An ode to food, France, film and flirtation, “Paris Can Wait” is a creamy but not entirely disposable bonbon of a movie.
At 81, writer-director Eleanor Coppola makes her narrative feature debut here, albeit with a film not nearly as incisive or rigorous as her documentary “Hearts of Darkness” (1991), about husband Francis Ford Coppola’s struggles to make “Apocalypse Now.”
Viewers will likely detect notes of loss and even anger in a movie about the wife of a big-shot movie producer who learns to embrace her own desires during an unexpected road trip.
The fact that the film’s lead character, Anne, is played by Diane Lane goes a long way toward explaining its appeal.
Having attended the Cannes Film Festival with her husband, Michael (played in a brief, amusing turn by Alec Baldwin), Anne is planning on a much-needed getaway for just the two of them in Paris. But an ear infection keeps her from flying, and she accepts the invitation of Michael’s friend and business associate, Jacques (Arnaud Viard), to travel by car.
What ensues is a journey that recalls the 1967 classic “Two for the Road” and the more recent comedy “The Trip,” as Jacques insists on slowing Anne down to show her the joys of eating, drinking, taking in the scenery and engaging in some harmless seduction.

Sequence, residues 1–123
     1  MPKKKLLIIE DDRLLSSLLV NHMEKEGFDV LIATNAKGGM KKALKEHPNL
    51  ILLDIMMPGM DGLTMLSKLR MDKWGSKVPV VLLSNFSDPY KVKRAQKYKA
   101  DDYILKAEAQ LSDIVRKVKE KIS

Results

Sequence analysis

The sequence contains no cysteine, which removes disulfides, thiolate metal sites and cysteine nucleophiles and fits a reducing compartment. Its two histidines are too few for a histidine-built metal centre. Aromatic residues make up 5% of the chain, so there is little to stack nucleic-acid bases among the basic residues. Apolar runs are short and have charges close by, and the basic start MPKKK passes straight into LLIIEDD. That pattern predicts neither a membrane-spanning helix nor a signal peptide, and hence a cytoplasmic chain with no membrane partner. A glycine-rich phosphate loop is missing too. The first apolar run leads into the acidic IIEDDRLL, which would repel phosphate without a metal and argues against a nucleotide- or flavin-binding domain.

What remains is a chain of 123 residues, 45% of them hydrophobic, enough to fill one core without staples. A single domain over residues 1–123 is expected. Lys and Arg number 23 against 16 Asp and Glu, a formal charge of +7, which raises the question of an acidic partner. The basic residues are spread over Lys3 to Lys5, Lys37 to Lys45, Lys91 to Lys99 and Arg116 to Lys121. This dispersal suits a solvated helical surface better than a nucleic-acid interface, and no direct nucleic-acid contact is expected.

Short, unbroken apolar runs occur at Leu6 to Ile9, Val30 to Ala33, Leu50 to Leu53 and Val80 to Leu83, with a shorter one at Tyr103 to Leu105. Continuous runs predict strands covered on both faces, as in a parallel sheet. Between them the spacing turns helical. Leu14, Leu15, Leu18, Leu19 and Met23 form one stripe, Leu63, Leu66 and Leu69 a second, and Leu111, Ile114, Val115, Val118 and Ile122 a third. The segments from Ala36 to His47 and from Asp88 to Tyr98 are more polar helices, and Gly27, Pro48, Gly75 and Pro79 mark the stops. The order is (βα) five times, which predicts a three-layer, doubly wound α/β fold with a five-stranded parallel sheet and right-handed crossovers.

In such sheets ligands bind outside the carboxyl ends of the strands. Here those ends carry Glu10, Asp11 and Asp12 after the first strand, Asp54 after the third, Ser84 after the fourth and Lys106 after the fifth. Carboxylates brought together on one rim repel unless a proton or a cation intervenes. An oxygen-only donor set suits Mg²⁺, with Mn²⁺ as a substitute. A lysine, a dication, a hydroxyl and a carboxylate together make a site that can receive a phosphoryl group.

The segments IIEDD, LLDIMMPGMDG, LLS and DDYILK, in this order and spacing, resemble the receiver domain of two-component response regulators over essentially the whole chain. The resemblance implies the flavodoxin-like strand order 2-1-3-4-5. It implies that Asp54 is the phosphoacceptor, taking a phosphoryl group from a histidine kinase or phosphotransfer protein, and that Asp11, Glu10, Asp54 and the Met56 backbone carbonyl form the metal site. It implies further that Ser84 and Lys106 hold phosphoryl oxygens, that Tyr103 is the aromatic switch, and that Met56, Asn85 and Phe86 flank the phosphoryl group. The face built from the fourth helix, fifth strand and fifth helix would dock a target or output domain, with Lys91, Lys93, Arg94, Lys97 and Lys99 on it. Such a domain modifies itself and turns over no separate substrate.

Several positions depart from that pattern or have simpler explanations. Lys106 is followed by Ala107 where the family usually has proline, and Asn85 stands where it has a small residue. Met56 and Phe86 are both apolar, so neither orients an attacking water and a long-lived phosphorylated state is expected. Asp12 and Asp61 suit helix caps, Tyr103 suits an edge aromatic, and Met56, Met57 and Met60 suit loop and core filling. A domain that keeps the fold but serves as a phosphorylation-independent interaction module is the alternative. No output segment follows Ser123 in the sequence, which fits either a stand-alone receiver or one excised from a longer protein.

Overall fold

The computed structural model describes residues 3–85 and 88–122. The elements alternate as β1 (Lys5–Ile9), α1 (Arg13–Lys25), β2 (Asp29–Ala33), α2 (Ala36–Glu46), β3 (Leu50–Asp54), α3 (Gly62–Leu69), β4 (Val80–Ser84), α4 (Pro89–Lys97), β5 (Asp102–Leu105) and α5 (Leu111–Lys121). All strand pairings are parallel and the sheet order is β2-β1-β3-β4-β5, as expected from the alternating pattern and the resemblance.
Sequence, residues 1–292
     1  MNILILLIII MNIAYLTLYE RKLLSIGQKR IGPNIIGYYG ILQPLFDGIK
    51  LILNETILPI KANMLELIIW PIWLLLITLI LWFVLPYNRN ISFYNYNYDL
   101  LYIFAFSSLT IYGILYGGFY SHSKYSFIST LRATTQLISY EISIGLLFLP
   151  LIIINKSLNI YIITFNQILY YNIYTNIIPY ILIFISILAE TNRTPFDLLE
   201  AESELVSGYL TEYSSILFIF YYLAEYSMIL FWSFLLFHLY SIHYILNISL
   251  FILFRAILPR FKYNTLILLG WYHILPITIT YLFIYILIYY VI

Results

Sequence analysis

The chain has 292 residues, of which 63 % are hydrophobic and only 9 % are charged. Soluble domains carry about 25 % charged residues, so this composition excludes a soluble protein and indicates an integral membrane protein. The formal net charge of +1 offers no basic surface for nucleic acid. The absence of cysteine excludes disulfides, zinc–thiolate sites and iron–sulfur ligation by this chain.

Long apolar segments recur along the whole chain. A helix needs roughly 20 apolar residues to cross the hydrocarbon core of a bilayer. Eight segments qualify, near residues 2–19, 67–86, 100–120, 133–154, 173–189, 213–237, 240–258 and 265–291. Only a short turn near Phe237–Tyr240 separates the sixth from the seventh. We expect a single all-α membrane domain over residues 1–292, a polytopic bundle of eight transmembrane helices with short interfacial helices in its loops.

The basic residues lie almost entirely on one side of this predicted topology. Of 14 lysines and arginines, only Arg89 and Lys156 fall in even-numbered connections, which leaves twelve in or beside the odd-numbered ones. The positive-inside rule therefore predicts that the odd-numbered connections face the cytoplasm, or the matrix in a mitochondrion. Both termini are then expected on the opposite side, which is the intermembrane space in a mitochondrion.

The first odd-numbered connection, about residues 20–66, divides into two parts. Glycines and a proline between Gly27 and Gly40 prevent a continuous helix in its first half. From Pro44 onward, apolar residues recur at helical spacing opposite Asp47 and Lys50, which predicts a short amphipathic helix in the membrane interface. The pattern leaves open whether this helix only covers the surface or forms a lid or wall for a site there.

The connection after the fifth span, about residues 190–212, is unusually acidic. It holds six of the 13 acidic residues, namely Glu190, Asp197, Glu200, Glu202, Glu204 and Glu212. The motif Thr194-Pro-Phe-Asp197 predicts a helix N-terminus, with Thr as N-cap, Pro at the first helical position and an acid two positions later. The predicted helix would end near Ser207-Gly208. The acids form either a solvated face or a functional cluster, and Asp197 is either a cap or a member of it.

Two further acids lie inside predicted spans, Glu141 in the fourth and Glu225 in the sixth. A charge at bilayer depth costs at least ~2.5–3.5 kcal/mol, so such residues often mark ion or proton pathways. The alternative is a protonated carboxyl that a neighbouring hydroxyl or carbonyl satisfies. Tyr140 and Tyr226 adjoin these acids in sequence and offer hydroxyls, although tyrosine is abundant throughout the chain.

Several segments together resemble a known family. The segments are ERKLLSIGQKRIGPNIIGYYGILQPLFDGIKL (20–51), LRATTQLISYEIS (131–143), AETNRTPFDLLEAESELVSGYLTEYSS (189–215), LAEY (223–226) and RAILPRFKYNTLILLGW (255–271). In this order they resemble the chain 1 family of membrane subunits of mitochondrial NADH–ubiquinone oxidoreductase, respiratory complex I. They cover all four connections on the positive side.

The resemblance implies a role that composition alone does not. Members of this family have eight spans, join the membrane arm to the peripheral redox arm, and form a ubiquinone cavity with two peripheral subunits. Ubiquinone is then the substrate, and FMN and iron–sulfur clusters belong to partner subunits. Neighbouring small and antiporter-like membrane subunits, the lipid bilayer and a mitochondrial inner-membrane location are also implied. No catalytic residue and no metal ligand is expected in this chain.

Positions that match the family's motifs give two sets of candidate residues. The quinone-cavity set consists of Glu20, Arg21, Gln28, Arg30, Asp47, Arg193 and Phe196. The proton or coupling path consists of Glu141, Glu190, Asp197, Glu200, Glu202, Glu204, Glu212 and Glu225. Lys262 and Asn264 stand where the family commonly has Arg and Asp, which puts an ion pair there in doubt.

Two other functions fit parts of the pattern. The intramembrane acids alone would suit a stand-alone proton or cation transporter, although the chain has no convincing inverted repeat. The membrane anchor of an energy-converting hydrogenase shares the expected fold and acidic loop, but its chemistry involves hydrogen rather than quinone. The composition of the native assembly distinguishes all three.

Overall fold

“Paris Can Wait” is a handsome, Instagram-ready rom-com for a mature generation that might not photograph food as compulsively as Anne does but who will appreciate the pleasure that comes from digging into a warm croissant with butter and jam.
The film oozes unexamined privilege and airy, let-them-eat-cake vanity. Although Viard exerts an inescapable charm as a wily, attractive epicure, his character’s passive-aggressive bossiness begins to feel more than a little sexist — and creepy.
Coppola herself can be just as pushy and on-the-nose, making sure that when Cezanne or Manet are invoked, a shot of their work appears on-screen, and putting redundant dialogue in her characters’ mouths while showing us images of what they’re describing.
But as self-indulgent and banal as the food, wine and chitchat can feel, Lane infuses the film with her signature self-awareness and offhand glamour, from the way she moves in her perfectly neutral wardrobe to her more flustered responses to Jacques’ amorous attentions.
There are moments when Coppola’s autobiography gives way to outright nepotism: Her son-in-law’s band, Phoenix, is prominently featured on the soundtrack.
But during another interlude, when one of the characters brings up a lost son, the filmmaker’s real-life story echoes with genuine poignancy. (Coppola’s oldest son, Gian-Carlo, was killed in a speedboating accident in 1986 at age 22.)
“Paris Can Wait” is a modest, genteel piece of cinematic escapism, a silky testament to sensuality as impeccably tasteful as it is utterly undemanding.
To use Jacques and Anne’s own lexicon when they discuss the merits of youth and beauty: The movie isn’t as cheap as a Pop-Tart, but it’s also not quite a chocolate creme brulee.
One could accuse Coppola of merely making a guilty pleasure, but for the fact that she clearly believes in the cultivation of pleasure without guilt.